When a number of birds are attracted to one place to feed, the danger of decease increases. To help reduce any risk, there are some easy steps to take: • Clean the area where you feed birds regularly to prevent build-up of food and waste. • Monitor the food you put out – only put out what the birds need. If the food takes days to clear either from containers or the ground, reduce the amount of food offered. • Occasionally clean the feeders you use with a 10% disinfectant solution.
We have a pleasure to invite you to the Spring Alive Instant Photo Contest on Flickr. Its part I begins on the nearest Sunday (13th September). In this edition you will have an opportunity to show wild living birds you can see in your garden, school ground or a park that you visit. To participate in the contest you should add a self-made photo on Flickr and share it with the Spring Alive Flickr group between 13th and 20th of September 2015. It should be described: “Instant Photo Contest, part I” and include the date of sharing it with the Spring Alive group, and age of its author. We have prizes for the first 10 persons who submit their photos! To find out more read the rules of the contest. And.... don't miss it!?xml:namespace>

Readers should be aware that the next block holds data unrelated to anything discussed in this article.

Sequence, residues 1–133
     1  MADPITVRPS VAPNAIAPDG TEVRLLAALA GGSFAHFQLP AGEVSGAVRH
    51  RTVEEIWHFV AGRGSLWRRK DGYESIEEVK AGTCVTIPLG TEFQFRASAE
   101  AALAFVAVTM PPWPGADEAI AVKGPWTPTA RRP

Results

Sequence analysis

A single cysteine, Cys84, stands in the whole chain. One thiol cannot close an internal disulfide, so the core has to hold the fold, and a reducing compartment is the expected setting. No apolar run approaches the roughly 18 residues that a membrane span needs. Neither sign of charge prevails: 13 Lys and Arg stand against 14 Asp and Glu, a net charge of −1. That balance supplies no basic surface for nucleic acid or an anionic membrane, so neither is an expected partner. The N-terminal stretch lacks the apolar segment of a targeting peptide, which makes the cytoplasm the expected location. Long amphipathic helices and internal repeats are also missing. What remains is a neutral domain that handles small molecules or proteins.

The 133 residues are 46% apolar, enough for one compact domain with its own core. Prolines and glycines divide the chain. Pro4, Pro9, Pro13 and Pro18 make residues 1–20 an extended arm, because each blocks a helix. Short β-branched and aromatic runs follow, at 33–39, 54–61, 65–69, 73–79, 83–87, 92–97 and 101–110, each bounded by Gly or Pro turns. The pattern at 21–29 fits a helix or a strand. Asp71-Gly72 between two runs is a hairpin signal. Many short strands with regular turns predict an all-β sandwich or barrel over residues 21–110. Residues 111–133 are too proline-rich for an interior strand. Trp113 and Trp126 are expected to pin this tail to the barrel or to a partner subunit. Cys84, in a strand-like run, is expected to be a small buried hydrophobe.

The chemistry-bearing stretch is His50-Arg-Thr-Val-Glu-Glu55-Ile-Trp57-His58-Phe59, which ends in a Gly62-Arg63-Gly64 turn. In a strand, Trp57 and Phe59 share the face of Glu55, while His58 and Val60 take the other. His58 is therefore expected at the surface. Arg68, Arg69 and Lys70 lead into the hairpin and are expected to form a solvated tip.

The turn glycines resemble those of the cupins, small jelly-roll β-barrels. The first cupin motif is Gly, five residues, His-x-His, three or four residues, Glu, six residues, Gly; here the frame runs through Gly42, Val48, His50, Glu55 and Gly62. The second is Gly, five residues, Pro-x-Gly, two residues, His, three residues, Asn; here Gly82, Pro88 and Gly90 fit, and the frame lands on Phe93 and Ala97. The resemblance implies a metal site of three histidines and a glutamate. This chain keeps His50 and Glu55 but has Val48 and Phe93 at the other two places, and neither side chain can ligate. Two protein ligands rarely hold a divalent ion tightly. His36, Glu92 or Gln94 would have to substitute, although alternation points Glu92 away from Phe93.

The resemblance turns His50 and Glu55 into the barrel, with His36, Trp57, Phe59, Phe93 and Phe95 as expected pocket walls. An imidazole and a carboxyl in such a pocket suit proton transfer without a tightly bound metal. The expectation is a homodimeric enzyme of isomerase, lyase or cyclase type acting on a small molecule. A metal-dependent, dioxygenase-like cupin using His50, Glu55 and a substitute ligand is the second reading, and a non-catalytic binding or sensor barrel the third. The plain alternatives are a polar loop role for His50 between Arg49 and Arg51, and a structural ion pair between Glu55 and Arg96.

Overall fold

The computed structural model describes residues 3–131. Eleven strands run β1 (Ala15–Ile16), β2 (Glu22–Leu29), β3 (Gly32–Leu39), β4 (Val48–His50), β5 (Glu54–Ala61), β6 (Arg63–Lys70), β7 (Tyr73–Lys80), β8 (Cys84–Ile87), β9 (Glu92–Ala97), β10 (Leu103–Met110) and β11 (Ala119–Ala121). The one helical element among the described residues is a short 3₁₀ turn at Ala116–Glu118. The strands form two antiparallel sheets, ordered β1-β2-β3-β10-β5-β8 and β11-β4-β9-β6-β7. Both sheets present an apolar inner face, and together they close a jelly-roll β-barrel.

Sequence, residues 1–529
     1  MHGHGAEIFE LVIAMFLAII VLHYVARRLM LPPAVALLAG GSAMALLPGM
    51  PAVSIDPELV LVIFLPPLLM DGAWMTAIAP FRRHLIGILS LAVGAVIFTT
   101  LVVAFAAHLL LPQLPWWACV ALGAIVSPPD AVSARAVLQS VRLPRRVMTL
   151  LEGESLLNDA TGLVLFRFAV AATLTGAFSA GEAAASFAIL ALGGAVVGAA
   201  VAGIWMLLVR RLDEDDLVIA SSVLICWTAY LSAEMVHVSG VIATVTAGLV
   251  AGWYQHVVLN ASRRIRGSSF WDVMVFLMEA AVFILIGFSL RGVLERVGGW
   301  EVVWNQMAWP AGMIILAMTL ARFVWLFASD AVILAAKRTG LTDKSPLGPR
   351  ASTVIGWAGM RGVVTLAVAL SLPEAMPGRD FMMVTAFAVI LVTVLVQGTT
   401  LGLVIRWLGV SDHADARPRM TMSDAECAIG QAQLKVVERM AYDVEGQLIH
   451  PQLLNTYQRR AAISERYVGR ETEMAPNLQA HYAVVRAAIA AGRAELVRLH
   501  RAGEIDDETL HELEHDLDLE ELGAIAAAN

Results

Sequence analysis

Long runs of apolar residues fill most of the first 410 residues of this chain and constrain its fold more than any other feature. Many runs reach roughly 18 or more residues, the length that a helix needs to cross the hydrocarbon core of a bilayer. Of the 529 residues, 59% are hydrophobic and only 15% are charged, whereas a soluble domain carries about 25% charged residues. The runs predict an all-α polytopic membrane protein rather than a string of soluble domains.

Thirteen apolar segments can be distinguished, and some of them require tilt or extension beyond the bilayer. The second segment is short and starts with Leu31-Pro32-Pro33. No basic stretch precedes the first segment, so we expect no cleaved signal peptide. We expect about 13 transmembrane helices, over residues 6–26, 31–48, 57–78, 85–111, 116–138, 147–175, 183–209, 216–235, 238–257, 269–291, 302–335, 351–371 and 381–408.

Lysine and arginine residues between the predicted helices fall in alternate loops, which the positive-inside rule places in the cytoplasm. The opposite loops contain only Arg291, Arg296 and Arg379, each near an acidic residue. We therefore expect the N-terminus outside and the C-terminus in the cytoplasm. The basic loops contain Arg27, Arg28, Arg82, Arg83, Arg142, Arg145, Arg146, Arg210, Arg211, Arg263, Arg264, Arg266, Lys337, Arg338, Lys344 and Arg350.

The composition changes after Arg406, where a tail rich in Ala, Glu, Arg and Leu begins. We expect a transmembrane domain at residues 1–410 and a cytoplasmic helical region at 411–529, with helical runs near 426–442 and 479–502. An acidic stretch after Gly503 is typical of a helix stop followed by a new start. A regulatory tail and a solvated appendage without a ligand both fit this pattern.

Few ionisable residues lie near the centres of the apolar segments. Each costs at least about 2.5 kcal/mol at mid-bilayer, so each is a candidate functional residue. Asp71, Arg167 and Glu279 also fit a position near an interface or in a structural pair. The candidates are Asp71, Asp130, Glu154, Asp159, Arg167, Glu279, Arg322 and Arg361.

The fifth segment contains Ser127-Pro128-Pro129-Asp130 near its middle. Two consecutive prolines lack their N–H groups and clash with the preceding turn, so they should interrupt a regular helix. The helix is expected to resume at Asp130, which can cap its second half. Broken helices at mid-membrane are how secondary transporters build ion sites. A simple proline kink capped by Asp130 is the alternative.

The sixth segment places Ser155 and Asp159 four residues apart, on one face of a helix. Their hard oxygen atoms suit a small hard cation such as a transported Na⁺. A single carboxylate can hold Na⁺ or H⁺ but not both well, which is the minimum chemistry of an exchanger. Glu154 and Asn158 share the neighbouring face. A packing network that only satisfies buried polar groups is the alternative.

The more varied you can make your school grounds, the more attractive they will be to wildlife. Including shrubs, a hedge, climbers and trees will create habitats to suit many different birds. Herbaceous plants and a lawn are other valuable features. Choose a selection of shrubs and trees that provide insect food, and berries or fruit, for as long as possible. The inclusion of thorny plants and some evergreens provides shelter and safe nesting sites. Avoid planting non-native species that are invasive in character. These species can case a conservation problem if they spread into sensitive habitats